What is blistering?
“Blistering” is the formation of “bubbles” in the exterior decorative paint film, resulting from localised loss of adhesion and subsequent lifting of the existing paint film from the underlying surface. It may be that one paint layer has lost adhesion to the one beneath or it may be that all the paint layers collectively have lost adhesion to the underlying substrate. The loss of adhesion and blistering can quickly lead to paint flaking and peeling.
Two main types of blistering:
- Those caused by moisture entrapment within the substrate beneath the paint film, which converts from a liquid into a vapour when the surface is heated by the sun and expands but cannot escape through the paint film.
- Those caused by solvent entrapment beneath the paint film during application, where the solvent cannot escape (evaporate) when the surface is heated up quickly.
With age, the existing paint film becomes more rigid and quite brittle, hence being less flexible the painted surface will struggle to withstand the forces created by constant expansion and contraction of the substrate. As a result, the brittle paint film will eventually encounter hairline cracks, which are difficult to see with the naked eye. These cracks allow the entry of moisture from the atmosphere (rain, dew, humidity), which in turn weakens the adhesion of the existing paint to the substrate. While the painted surface remains in an aged condition, the moisture can slowly enter and escape as surface temperatures rise and fall daily.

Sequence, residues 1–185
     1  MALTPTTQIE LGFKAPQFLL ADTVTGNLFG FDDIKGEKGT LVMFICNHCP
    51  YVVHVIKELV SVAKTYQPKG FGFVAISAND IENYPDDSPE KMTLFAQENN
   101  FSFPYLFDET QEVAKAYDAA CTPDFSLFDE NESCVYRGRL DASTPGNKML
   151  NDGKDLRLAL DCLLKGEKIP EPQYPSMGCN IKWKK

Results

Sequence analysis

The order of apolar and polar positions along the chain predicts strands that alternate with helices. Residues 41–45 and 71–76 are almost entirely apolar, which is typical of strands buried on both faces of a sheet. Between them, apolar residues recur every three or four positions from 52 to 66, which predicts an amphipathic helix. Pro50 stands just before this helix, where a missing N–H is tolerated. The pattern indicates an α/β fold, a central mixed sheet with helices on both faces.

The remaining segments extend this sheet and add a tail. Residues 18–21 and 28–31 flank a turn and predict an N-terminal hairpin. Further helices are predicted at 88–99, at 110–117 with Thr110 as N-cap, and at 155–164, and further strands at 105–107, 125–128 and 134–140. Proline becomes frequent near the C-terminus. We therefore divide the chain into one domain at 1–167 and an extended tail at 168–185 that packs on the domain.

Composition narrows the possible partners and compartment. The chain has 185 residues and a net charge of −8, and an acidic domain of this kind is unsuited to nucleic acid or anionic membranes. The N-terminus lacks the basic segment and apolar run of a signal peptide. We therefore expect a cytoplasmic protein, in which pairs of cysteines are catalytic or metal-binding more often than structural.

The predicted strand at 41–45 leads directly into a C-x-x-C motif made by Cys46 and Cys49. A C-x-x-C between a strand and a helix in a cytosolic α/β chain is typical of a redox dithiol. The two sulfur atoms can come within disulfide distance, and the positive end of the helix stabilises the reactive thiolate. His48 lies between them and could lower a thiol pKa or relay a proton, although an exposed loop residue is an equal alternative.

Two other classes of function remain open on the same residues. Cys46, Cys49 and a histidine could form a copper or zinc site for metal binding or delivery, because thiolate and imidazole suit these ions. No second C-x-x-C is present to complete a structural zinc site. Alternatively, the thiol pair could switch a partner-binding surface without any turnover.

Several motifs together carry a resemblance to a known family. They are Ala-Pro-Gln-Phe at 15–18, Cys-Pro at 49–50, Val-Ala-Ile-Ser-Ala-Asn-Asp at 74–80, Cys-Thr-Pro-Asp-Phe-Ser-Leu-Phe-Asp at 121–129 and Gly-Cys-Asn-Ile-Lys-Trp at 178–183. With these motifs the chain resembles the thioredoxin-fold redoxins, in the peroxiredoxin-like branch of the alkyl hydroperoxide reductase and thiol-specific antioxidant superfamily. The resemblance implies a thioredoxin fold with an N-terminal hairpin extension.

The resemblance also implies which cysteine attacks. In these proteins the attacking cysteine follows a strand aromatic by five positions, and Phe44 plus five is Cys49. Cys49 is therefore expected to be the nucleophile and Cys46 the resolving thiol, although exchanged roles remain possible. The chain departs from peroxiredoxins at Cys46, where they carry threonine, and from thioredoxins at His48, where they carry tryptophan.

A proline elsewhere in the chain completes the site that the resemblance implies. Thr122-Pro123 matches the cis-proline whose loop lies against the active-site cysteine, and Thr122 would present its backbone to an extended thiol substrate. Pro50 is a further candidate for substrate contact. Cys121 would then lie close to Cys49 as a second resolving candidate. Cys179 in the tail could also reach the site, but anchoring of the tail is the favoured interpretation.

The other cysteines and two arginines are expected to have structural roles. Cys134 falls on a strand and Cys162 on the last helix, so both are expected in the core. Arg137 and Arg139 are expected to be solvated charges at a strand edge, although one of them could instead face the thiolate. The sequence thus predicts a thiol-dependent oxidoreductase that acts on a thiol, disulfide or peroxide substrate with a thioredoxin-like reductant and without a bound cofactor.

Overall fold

When the new layer of paint is applied it effectively seals off the surface thereby preventing the easy transmission of moisture vapour through the paint film. Moisture/air beneath the paint film is now trapped. When the painted surface is heated by the sun, the moisture/air expands and blisters form because it cannot escape freely.
Blistering is often quite severe on exterior weatherboards facing North or West because of this situation. The blisters appear when the painted surface is heated by the sun. When the temperatures cool in the evening it is possible for the blisters to shrink completely or decrease in size and/or frequency, then reappear the next day.
How does it occur?
The usual causes of “blistering” include:
- Moisture in the substrate (e.g. if moisture level in timber is over 15%).
- Poor substrate preparation to eliminate unsound & aged paint films.
- Dark colour which absorb a lot of heat, applied over light colours will force the moisture/air vapour to the surface more quickly.
- Heat causes the moisture/air trapped beneath the film to expand and force its way out by forming blisters.
- Surface contamination can be trapped beneath a new paint film.
- Solvents can become trapped beneath the paint film during application.
To minimise the risk of this problem occurring:
- Where possible choose lighter colours: The rate and extent of blistering is influenced by topcoat colour selection and prevailing weather conditions. Dark colours will absorb more heat than lighter colours and will therefore put more stress on the existing paint system, due to greater expansion and contraction of the substrate.